Reducing your forward momentum is the first step to freeing yourself from the beliefs, habits, feelings and busyness that may be limiting you. ~ Peter Bregman
We start each day knowing we’re not going to get everything done. Every year, we reflect on our progress and wonder where the time went. Why haven’t we completed our innumerable to-do lists?
My clients often ask, “How do I know that I am doing a good job?” I work with people who are very self-aware who often receive little or no professional feedback, unless something goes terribly wrong. While we assume we’re doing our best to juggle work, family and friends, we often move along a path that isn’t quite right. The majority of people that I coach do not receive performance reviews, and if they do it is a routine check-list with little or no conversation about how they are really doing. If the information exchanged is not helpful for their professional growth, then the review is a formality and a waste of time.
Even if we recognize an aberration, we may refuse to change course or intentionally become distracted. We instinctively know, nonetheless, that we can improve. Reading another “do-it-now” time-management book isn’t the answer. It may, in fact be just a way of procrastinating. It’s important to not let your mind wander by trying to analyze why you’re stuck and why you’re putting it off. If you find yourself experiencing anxiety, do your best to ignore these negative and debilitating thoughts. We need to break our self-sabotaging patterns to ward off the unimportant, interrupt our inertia and start feeling good about our accomplishments.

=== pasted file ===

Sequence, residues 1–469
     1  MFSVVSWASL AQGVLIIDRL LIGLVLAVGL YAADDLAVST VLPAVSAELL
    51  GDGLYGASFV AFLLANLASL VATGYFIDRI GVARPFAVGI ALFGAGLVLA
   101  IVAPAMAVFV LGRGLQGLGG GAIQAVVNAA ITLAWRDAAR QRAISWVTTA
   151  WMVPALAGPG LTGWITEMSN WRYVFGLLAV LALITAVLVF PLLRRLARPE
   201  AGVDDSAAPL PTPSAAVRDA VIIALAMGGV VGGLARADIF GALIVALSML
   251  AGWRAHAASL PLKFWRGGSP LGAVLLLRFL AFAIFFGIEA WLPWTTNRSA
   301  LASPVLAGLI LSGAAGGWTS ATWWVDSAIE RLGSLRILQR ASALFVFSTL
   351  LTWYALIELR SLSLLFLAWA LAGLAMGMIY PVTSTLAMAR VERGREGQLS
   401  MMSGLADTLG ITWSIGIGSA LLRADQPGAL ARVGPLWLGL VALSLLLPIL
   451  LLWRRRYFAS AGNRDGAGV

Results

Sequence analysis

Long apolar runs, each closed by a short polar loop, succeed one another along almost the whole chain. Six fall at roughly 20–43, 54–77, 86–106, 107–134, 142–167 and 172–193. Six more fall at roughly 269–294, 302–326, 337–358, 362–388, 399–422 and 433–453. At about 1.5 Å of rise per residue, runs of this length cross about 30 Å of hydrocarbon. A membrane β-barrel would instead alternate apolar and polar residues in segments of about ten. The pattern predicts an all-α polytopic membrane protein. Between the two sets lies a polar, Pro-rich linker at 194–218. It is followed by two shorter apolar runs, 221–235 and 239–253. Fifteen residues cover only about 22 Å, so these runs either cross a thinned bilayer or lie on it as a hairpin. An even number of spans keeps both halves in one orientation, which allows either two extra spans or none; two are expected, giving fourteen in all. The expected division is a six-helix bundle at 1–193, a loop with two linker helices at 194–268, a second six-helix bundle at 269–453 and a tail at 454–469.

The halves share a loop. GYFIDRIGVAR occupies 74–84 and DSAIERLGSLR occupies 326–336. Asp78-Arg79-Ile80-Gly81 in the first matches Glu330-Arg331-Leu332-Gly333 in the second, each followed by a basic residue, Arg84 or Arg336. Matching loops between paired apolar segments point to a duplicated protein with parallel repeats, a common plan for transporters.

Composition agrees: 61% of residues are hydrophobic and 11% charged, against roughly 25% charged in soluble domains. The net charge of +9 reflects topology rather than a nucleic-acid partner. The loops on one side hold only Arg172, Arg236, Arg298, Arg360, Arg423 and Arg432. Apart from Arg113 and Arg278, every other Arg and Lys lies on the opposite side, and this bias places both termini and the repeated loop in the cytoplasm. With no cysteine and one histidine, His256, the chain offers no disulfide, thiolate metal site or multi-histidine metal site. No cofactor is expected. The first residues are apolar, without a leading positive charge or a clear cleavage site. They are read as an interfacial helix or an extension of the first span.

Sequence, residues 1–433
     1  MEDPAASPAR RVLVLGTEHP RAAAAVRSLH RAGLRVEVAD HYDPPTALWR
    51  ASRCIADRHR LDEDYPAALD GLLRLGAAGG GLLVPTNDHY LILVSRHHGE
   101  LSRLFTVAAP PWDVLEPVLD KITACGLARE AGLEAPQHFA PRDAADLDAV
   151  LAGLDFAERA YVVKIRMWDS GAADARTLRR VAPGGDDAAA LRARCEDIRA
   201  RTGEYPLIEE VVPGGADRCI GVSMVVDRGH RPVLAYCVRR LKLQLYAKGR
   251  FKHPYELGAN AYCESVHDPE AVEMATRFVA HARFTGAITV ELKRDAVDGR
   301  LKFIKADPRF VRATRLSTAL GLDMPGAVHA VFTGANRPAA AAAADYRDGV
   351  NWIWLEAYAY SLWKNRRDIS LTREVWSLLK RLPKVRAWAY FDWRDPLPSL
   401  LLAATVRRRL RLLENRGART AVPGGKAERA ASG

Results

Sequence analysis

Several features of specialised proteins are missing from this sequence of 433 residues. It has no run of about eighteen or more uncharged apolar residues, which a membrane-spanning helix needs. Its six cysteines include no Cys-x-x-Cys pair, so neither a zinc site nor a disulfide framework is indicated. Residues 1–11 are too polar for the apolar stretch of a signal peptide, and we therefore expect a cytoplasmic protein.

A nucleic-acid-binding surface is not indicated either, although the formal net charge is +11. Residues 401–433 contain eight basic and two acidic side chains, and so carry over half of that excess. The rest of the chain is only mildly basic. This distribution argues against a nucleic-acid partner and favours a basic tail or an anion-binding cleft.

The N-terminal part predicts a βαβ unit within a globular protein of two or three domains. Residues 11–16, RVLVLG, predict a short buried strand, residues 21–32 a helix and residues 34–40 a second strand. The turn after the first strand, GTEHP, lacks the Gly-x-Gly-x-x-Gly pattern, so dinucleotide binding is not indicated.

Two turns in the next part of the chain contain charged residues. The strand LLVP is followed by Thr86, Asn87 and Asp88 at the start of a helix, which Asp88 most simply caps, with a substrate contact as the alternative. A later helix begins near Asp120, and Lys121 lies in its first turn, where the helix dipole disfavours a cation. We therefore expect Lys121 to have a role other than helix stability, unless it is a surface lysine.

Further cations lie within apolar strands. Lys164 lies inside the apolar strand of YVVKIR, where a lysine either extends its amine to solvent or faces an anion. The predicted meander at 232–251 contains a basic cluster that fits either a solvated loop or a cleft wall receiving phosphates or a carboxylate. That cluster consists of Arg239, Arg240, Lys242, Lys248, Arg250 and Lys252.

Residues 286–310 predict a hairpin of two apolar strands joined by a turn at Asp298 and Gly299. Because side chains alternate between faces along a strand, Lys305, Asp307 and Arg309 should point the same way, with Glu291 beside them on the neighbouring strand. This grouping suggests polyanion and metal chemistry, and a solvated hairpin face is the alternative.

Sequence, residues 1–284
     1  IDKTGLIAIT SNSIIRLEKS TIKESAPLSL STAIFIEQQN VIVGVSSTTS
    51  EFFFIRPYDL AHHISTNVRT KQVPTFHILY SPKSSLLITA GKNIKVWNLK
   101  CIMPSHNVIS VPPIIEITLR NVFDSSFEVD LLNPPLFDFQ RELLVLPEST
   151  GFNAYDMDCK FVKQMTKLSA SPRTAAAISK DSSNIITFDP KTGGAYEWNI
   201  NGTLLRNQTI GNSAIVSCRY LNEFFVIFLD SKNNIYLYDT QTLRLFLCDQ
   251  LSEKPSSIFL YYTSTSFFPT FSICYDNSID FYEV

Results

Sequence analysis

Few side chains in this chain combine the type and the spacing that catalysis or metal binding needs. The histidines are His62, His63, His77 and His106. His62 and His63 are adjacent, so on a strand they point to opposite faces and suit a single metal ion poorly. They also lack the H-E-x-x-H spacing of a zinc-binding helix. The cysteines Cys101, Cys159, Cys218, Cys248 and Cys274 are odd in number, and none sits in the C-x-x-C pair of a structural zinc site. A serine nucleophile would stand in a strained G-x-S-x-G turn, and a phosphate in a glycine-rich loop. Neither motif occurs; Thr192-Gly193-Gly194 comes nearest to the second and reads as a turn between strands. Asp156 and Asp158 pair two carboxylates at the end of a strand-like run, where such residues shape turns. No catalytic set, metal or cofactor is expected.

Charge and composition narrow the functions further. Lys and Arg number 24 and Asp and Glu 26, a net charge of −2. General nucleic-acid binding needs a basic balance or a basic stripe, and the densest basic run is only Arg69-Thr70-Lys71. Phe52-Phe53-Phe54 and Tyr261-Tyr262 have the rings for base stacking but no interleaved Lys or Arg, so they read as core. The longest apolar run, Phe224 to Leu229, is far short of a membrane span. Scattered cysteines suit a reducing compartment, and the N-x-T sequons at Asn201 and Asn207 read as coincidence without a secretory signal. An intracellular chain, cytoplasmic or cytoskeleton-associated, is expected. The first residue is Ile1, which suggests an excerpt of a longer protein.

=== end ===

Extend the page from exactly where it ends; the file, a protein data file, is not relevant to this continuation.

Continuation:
Harvard Business Review columnist and consultant Peter Bregman offers four starting points in 18 Minutes: Find Your Focus, Master Distraction, and Get the Right Things Done (Business Plus, 2011):
- Where are you now? Are you doing the right things, with the right people, in the right way to make the most of who you are?
- What is this year about? On which five areas of focus (work and personal) do you want to spend most of your time over the next year?
- What is this day about? How do you concretely structure your day so it’s productive, satisfying and capable of measurably fulfilling your five identified focal areas?
- What is this moment about? How do you get started, manage distractions and stay on track?
You’ve probably known for some time that you need to apply focus and make smart, thoughtful decisions about what’s worth doing (and what’s not).
In my next blog post, I will share some simple tools and tactics to help you follow through on these decisions—and even enjoy the process.
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